JSU alum Priscilla Trice McGee honored by family with $30,000 endowed scholarship

(Charles A. Smith/University Communications)




Priscilla Trice McGee

Priscilla Trice McGee

A $30,000 endowment in memory of Jackson State University alumna Priscilla Trice McGee has been established at JSU by Judge Carlyn McGee Hicks,’06,  her brother Algernon Trice, Sr., and their family. The donation will be matched by Title III funds for a total of $60,000 to the Jackson State University Development Foundation.

The mother of Hicks and Trice, Sr., McGee passed away in September of 2020. Her children along with her siblings established the endowment to honor her legacy. “It is our hope that by investing in Jackson State University and providing scholarship opportunities to generations of scholars seeking careers in business, banking, and finance, our mother’s legacy will continue to impact the lives of young people positively,” said Hicks, who serves as the presiding judge of the Hinds County Youth Court.

Thomas K. Hudson, president of JSU, expressed his gratitude for the contribution and Carlyn’s representation as an alumna.

“We are immensely honored that Carlyn and her family chose to establish the Priscilla Trice McGee endowment at JSU.” JSU President Thomas K. Hudson said. “This collaborative gift is evidence of what Carlyn has done overall in her career, and we are extremely proud to be associated with her in this way.”

A native of Shannon, Mississippi, McGee earned her bachelor’s degree in social science from JSU in 1975. Shortly thereafter, McGee began a career that would span over 44 years in the financial industry. She dedicated the bulk of her professional tenure at what is now BancorpSouth.

McGee often engaged in endeavors to promote and support youth financial literacy, mentored many budding entrepreneurs as they grew their businesses, and helped several people save their homes during economic recessions. Her family characterized her as quiet, modest, and unassuming – yet largely impactful and influential, with a footprint across industries and households throughout the metro area. They hope the establishment of this endowment will further honor those qualities in McGee.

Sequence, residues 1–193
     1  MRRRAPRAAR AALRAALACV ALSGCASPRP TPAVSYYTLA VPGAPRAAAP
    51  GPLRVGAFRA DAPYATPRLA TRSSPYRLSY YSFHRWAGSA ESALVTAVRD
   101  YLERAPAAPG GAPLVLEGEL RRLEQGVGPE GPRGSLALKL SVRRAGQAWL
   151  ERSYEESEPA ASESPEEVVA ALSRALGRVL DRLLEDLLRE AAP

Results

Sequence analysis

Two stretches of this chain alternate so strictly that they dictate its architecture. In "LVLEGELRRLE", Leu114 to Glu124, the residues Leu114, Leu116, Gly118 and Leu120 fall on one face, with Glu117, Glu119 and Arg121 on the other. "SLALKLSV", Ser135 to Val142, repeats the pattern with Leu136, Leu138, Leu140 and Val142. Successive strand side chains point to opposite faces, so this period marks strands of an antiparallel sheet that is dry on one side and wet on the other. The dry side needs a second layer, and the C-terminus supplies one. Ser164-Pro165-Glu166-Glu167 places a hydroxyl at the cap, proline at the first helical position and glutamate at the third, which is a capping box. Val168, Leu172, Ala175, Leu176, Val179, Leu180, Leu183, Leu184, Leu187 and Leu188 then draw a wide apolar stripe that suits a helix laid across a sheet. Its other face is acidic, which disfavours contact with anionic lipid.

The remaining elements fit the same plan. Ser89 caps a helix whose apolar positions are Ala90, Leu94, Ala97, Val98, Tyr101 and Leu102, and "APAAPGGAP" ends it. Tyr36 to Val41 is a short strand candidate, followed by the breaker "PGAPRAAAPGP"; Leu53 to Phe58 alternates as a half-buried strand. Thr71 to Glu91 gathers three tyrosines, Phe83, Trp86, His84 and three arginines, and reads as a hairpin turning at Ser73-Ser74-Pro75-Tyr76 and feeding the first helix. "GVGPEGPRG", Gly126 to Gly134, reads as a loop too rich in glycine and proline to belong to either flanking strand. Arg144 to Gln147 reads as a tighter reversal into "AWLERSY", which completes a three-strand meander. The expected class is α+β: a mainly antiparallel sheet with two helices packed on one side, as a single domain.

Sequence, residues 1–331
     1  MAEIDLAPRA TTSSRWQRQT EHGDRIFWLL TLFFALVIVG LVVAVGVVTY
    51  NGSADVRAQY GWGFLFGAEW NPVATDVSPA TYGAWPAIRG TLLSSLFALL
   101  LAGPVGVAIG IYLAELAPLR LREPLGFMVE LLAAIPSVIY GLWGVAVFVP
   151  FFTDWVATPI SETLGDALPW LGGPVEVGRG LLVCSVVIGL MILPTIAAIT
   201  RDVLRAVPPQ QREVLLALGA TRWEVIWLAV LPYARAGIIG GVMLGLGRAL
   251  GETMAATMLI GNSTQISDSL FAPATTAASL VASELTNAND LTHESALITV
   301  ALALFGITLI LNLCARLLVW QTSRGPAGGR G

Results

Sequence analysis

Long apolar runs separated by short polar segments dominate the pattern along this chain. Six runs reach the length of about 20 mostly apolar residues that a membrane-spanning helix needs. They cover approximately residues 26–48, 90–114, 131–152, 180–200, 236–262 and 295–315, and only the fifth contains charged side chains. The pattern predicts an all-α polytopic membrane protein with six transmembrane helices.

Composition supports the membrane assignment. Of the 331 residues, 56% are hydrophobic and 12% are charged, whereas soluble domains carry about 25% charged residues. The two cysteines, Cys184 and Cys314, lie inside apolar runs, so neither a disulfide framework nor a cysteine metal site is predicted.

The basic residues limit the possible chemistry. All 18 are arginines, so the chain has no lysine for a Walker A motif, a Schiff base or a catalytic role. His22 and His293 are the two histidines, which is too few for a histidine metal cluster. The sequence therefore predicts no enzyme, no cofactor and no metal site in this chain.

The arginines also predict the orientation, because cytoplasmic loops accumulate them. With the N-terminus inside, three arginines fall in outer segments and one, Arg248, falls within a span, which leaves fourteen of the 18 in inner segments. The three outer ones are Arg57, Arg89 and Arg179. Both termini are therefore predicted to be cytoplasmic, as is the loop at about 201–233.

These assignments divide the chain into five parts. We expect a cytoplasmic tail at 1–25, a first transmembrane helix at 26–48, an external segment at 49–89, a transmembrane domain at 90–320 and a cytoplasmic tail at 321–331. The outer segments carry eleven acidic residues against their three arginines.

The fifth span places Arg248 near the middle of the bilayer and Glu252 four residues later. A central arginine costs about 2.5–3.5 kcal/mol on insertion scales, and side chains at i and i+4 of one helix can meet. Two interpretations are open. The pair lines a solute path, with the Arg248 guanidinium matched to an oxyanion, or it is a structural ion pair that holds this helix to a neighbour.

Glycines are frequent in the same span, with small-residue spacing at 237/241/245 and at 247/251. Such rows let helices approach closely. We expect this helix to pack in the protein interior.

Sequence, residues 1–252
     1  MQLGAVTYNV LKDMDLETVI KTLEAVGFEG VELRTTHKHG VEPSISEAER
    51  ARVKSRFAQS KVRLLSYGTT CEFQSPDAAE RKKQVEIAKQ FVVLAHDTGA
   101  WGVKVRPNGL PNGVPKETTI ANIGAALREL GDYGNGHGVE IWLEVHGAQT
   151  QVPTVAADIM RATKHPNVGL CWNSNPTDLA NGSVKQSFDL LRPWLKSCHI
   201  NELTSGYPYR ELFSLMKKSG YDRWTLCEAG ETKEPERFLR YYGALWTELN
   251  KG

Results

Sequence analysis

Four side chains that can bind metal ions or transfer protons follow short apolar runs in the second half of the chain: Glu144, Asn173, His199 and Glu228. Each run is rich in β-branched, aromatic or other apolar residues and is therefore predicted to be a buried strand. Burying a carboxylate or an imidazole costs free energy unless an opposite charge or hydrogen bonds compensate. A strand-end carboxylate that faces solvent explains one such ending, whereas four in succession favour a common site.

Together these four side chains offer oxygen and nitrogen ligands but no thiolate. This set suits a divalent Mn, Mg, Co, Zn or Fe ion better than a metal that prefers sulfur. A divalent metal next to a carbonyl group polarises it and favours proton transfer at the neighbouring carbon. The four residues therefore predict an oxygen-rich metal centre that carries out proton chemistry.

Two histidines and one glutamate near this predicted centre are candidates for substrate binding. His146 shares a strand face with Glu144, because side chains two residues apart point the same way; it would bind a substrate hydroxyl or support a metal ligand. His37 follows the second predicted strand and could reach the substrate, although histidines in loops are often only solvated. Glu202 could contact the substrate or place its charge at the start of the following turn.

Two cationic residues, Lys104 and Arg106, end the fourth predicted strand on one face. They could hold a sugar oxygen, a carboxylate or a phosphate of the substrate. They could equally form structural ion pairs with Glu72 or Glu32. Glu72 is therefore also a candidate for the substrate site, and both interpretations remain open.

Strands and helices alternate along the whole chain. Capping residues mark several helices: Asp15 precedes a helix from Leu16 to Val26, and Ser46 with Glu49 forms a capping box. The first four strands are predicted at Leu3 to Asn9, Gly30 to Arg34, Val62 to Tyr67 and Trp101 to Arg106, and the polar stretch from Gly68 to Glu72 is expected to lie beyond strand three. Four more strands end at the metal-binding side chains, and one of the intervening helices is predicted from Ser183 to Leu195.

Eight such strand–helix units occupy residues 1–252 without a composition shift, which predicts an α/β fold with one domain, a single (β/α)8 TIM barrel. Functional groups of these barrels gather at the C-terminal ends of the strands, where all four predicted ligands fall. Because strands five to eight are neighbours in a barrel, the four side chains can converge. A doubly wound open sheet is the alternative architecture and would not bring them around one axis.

“Our mother emphasized the importance of education and community responsibility,” Trice, Sr. said. “This is our way of continuing that and honoring her by supporting what she held near and dear – helping young people achieve their dreams and doing for others.”

To be eligible, scholarship candidates must meet the following criteria:
• Be a JSU College of Business student
• Have an interest in banking
• Hold a 3.0 GPA
• Show proof of community service
• Submit a one-page essay on the importance of financial literacy
• Demonstrate financial need

For Hicks, this contribution is a personal continuation of her mother’s commitment. “This investment in the university can serve as a catalyst in promoting minority representation in banking and finance careers while alleviating financial burdens for young people pursuing higher education. Our family is delighted to assist in contributing to those pathways in honor of our mother, who gave so much of herself for the elevation and achievements of others.”

McGee’s husband, Carl Edward McGee, Sr., also attended JSU and retired from the university in 1995, where he served as assistant chief of public safety.